The GBMZ has experienced a prolonged arc-related magmatism that intruded felsic-intermediate plutonic bodies into the ~1.885 Ga Echo Bay and Port Radium supracrustal marine sedimentary rocks and volcanic suits. This magmatism created a perfect geological environment for the formation of a variety of ore deposits and introduced a substantial amount of metals such as Fe, Cu, Pb, Zn, Ni, Co, U, Bi, and somewhat Au, Ag, and Th. The Richardson high heat production pluton located 9 km south of Port Radium (Fig. 1) is enriched in some of these metals (particularly U and Th) and may have partially been the source of some of these metals (Somarin and Mumin, 2012).
The main ore mineralization of the Port Radium deposit occurred during epithermal veining which followed an extensive and intensive IOCG-style hydrothermal alterations including albitic, MAA, potassic, phyllic and propylitic. It appears that occurrence of phyllic-propylitic alterations before epithermal veining is a common feature in IOCG deposits of Port Radium and other IOCG deposits of the GBMZ (Somarin and Mumin, 2014; Klapheke, 2018). Various types of veins and hydrothermal assemblages formed during fluid-rock interactions and evolution of the Port Radium hydrothermal system. These complex textural and compositional variations in the ore mineralogy reflect rapid changes in temperature and chemical activities in the system (Somarin and Mumin, 2014).
Although sulfide mineralization is younger than MAA alteration, drill core logging and drill assay data of IOCG-style deposits in GBMZ (Somarin and Mumin, 2008; Somarin and Mumin, 2014; Klapheke, 2018) indicate that MAA zones always have high base metal concentrations. This may suggest that either both MAA and sulfide mineralizations utilized the same channels for precipitation, or MAA prepared the ground for sulfide mineralization by alteration of the country rocks which were subsequently fractured easily forming channels for movement of the base metal-bearing hydrothermal solution. As the hydrothermal system evolved, magnetite content of the MAA alteration was reduced and sulfide mineralization progressed. This manifests as MAA transitioning into AA-pyrrhotite-pyrite-chalcopyrite reflecting changing in the fugacity of oxygen and sulfur in the hydrothermal system.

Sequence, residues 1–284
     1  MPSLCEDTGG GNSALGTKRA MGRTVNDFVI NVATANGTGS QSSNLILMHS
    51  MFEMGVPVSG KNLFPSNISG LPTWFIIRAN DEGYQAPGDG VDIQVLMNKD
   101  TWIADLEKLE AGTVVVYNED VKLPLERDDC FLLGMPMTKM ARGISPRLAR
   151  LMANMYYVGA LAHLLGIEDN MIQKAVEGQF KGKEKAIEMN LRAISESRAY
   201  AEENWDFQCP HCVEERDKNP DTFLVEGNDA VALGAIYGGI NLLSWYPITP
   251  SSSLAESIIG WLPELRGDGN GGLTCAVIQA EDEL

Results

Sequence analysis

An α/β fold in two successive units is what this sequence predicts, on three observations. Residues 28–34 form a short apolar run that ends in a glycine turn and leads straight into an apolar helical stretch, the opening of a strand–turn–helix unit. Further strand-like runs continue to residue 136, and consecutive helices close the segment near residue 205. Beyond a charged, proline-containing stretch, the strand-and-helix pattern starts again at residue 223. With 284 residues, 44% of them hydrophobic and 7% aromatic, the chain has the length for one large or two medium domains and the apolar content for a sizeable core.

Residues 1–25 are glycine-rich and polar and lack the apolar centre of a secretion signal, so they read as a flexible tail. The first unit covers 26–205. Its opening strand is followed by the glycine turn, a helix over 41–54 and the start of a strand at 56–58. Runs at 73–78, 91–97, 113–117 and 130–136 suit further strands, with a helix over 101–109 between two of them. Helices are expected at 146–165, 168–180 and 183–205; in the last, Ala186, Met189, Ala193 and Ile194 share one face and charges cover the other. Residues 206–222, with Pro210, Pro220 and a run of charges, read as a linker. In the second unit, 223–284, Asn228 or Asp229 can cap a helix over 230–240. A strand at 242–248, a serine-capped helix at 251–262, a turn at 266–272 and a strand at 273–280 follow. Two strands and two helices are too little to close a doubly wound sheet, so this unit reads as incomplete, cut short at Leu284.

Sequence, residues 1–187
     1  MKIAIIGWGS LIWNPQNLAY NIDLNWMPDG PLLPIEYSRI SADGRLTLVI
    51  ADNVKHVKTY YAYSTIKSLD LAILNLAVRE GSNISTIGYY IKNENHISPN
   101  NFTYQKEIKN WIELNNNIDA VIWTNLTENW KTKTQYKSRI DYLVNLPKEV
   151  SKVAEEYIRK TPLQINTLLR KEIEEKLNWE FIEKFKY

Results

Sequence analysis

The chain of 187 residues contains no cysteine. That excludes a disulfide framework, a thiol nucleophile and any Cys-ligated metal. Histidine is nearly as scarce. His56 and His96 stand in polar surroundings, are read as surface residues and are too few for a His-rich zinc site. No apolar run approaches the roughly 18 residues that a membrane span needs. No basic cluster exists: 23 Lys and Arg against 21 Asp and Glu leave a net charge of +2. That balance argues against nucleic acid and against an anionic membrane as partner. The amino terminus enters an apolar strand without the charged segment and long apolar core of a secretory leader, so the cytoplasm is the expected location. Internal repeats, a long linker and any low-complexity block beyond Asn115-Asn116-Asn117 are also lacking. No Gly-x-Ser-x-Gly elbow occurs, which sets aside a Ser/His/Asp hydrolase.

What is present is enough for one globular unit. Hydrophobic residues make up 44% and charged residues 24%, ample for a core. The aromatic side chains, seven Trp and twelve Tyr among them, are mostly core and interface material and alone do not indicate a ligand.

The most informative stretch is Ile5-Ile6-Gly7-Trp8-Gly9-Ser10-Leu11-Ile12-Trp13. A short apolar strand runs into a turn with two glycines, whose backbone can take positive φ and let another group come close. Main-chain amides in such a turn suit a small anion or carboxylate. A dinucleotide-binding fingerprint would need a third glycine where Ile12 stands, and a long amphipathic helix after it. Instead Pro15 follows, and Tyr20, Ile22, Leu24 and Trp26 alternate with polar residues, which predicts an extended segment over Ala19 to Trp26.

Sulfide and sulfarsenide mineralization in the strongly altered wall rocks occurred possibly due to reaction of the hydrothermal solution with the country rocks. Such reactions commonly formed fine-grained hydrothermal assemblages at Port Radium (Fig. 3e). In contrast, similar minerals precipitated as coarser grains in the veins due to boiling or sudden changes in the pressure and temperature of the hydrothermal fluid (Somarin and Mumin, 2014). Intense brecciation of the wall rocks of the veins suggests high fluid pressure during hydrothermal activity that caused hydrofracturing of the surrounding rocks. Propylitic alteration of the wall rock fragments shows that main ore mineralization of Port Radium occurred after propylitic alteration. The cross cutting relationship and textural features show that uranium mineralization occurred almost simultaneously with sulfides and sulfarsenide mineralization in veins and continued after them, probably suggesting change in the oxidation state of the system. This temporal and spatial relationship between U and sulfides-sulfarsenide mineralization can be used as an exploration tool for uranium mineralization.
As the Port Radium hydrothermal system was enriched in Ni-Co, not only the common sulfides (e.g. pyrite and pyrrhotite) but also others such as sphalerite, chalcopyrite, arsenopyrite, tetrahedrite, emplectite, and aikinite have traces of these metals (as substitutes for Fe and possibly Zn and Cu).
Safflorite, gersdorfite, skutterudite, cobaltite, niccolite, and rammelsbergite are common minerals of the Fe-Co-Ni-As-S system that are found at Port Radium. Three unknown minerals with (Co0.96Ni0.45Fe0.03)S0.27As4, (Ni2.13Co0.38)S0.97As4, and (Ni1.83Co0.83)S1.25As4 formulas are also found that show distinct compositional differences with known minerals of this system (Figs. 6, 7). The nomenclature guidelines of International Mineral Association (IMA) states that in a continuous solid solution, only end members are considered as species (Nickel and Grice, 1998). For example, if a mineral has at least 50 mole% of an end member, it is named after that end member. This rule is easily applicable to continuous solid solutions where the end members have similar structures; its application becomes complicated in minerals with complex structures and multiple substitutions (Nickel and Grice, 1998; Kiefer et al., 2017). Mineral unknown 1 (Co0.96Ni0.45Fe0.03)S0.27As4 is possibly a solid solution product of cobaltite and gersdorfite. The resulted mineral is chemically and optically different than both cobaltite and gersdorfite.
Mineral unknown 2 (Ni2.13Co0.38)S0.97As4 and unknown 3 (Ni1.83Co0.83)S1.25As4 are chemically comparable to the Port Radium rammelsbergite (Ni1.01Co0.04S0.09As2 or Ni2.02Co0.08S0.18As4) with substantial addition of S and Co. Similarly, addition of S to rammelsbergite by hydrothermal solution and formation of gersdorfite has already been documented at Port Radium (Fig. 3g). It is notable that the added S and Co did not substantially replace As and Ni, respectively, as apfu values of As and Ni are similar in these unknown minerals and rammelsbergite. Mineral unknown 2 and unknown 3 could also be a solid solution product of gersdorfite-cobaltite or safflorite-rammelsbergite (Hem, 2006). The addition or vast substitution of As-S and Ni-Co-Fe in the Fe-Co-Ni-As-S system changes unit cells and form different minerals (Hem, 2006). These changes may affect optical properties including anisotropism of the sulfarsenide (Kiefer et al., 2017).